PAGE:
Justice and Foreign Policy

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Michael Blake, Justice and Foreign Policy, Oxford University Press, 2013, 135pp., $49.99 (hbk), ISBN 9780199552009.

Reviewed by Cindy Holder, University of Victoria


Michael Blake's ambitious, thought-provoking book engages with some of the most basic issues in global justice. The Preface poses the question: May those responsible for the foreign policy of a liberal state use their power to promote liberal democracy in other states? Blake's ultimate answer to this question is, "Yes, but not in the way or for the reasons that you might think." Some of his arguments work, some don't. Along the way the reader is treated to a series of frank, valuable insights about the limitations of existing frameworks and the potential for a different set of departure points in approaches to global justice.

The book is divided into five chapters. The first begins with a very simple premise: that insofar as justification of states requires justification of the state system -- of the division of the world into states -- a state's structure and institutions must be justified not only to its own people, but also to people in other states (7). For Blake, the key to answering this question is recognizing that the international realm is a "second-order" site of justice -- a site at which individuals' participation in coercive institutions is mediated by their participation in and governance by states. The mediated nature of participation in the international realm has implications for what individuals owe to one another because it means that international institutions coerce individuals indirectly, through coercion and shaping of their states, in contrast to the direct coercion of individuals that state-based institutions enact. Consequently, what individuals owe to, and may claim of, those with whom they share a state differs from what is owed to and may be claimed of those with whom a state is not shared. Insofar as different states have different capacities and powers within and with respect to international institutions, those who inhabit different states will have differential responsibilities for how international institutions coerce and shape other states. Because of this, not only whether individuals share a state, but also which states they (respectively) share, will matter to determinations of what each owes (and what each may claim) at the global level. Blake is particularly interested in what is owed by those whose state is wealthy and powerful with internal structures that meet the criteria of liberalism.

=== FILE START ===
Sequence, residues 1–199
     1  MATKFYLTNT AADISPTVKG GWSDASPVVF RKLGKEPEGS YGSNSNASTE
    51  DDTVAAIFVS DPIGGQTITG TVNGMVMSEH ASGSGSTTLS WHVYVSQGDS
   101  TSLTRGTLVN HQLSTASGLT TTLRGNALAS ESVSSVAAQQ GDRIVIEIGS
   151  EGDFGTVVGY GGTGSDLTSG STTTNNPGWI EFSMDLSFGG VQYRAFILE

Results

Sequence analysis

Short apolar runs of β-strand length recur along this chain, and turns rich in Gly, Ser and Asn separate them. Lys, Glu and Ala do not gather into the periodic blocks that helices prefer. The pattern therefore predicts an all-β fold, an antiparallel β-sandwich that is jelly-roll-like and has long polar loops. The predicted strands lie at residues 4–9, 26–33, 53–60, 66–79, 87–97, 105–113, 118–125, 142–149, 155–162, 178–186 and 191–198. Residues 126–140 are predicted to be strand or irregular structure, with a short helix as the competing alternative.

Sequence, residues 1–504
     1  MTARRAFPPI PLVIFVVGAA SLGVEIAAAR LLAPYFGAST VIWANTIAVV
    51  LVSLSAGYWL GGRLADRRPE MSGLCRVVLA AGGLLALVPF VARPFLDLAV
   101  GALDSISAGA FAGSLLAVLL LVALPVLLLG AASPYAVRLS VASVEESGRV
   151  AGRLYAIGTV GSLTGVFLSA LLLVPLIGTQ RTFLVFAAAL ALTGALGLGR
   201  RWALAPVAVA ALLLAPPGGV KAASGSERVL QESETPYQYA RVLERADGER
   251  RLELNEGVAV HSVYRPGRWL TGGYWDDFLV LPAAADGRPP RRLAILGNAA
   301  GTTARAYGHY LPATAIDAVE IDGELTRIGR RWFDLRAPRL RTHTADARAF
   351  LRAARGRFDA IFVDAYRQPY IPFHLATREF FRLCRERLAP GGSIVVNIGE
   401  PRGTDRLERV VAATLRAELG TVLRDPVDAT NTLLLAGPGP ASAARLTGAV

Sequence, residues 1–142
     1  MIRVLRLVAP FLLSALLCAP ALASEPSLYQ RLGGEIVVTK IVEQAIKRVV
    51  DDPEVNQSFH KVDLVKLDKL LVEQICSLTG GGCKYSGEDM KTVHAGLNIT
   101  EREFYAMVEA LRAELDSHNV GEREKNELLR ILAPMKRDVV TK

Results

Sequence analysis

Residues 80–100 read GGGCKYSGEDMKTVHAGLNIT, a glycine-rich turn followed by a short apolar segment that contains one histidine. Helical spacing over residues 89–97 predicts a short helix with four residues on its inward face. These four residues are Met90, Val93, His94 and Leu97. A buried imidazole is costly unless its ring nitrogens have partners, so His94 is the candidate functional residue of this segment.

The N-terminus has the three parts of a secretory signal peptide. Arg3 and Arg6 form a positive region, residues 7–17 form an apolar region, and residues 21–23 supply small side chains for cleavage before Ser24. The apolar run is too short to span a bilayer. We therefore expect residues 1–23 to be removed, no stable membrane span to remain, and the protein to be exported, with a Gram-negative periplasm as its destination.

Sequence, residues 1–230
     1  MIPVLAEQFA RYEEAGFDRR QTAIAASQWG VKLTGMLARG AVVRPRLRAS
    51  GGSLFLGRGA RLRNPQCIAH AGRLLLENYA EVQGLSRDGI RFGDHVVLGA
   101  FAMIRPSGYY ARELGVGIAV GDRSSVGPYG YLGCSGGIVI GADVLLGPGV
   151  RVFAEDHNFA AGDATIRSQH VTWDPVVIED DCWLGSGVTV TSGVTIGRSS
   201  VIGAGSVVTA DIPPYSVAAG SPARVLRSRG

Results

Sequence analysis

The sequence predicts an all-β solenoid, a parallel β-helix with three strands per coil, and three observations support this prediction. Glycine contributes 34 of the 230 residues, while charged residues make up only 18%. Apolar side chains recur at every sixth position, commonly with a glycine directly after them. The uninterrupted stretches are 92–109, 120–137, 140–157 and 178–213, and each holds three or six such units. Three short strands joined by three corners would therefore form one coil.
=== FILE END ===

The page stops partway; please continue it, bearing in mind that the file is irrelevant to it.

Blake takes as given that the current division of the world into states is a fact to which theory must respond, that there are vast differences in the economic and military power of states, and that this division of the world into states with significantly unequal power, wealth and influence is unlikely to change in this lifetime or the next. These givens are a touchstone for subsequent arguments, as he seeks to systematically work through the implications of a state-based political order characterized by significant, systematic, and enduring inequalities in wealth and power for duties of global justice.

In the second chapter Blake explores whether the fact of a world divided into states implies a principled duty to refrain from intervening in the operations of other states, and whether the fact of significant differences in wealth and power implies a duty to reshape the global community's basic structure to establish greater parity in states' international capacities. He argues that the answer to both questions is "No", because duties of justice, whether at the local or at the global level, are ultimately duties to individuals. As such, they do not easily or consistently generate general constraints or obligations with respect to the state structures under which a set of individuals live.

In the third chapter Blake takes up the question of whether those whose states meet the criteria of liberalism have an obligation to work for liberal rights to be available to people everywhere. He concludes that the answer is "Yes", but that this does not easily or consistently generate permission to intervene in the operations of other states. Moreover, when fully understood, the obligation to advance liberal rights for people everywhere imposes both practical and principled constraints on the forms that intervention may take and on the policies that may be pursued, including policies regarding adherence to international legal obligations.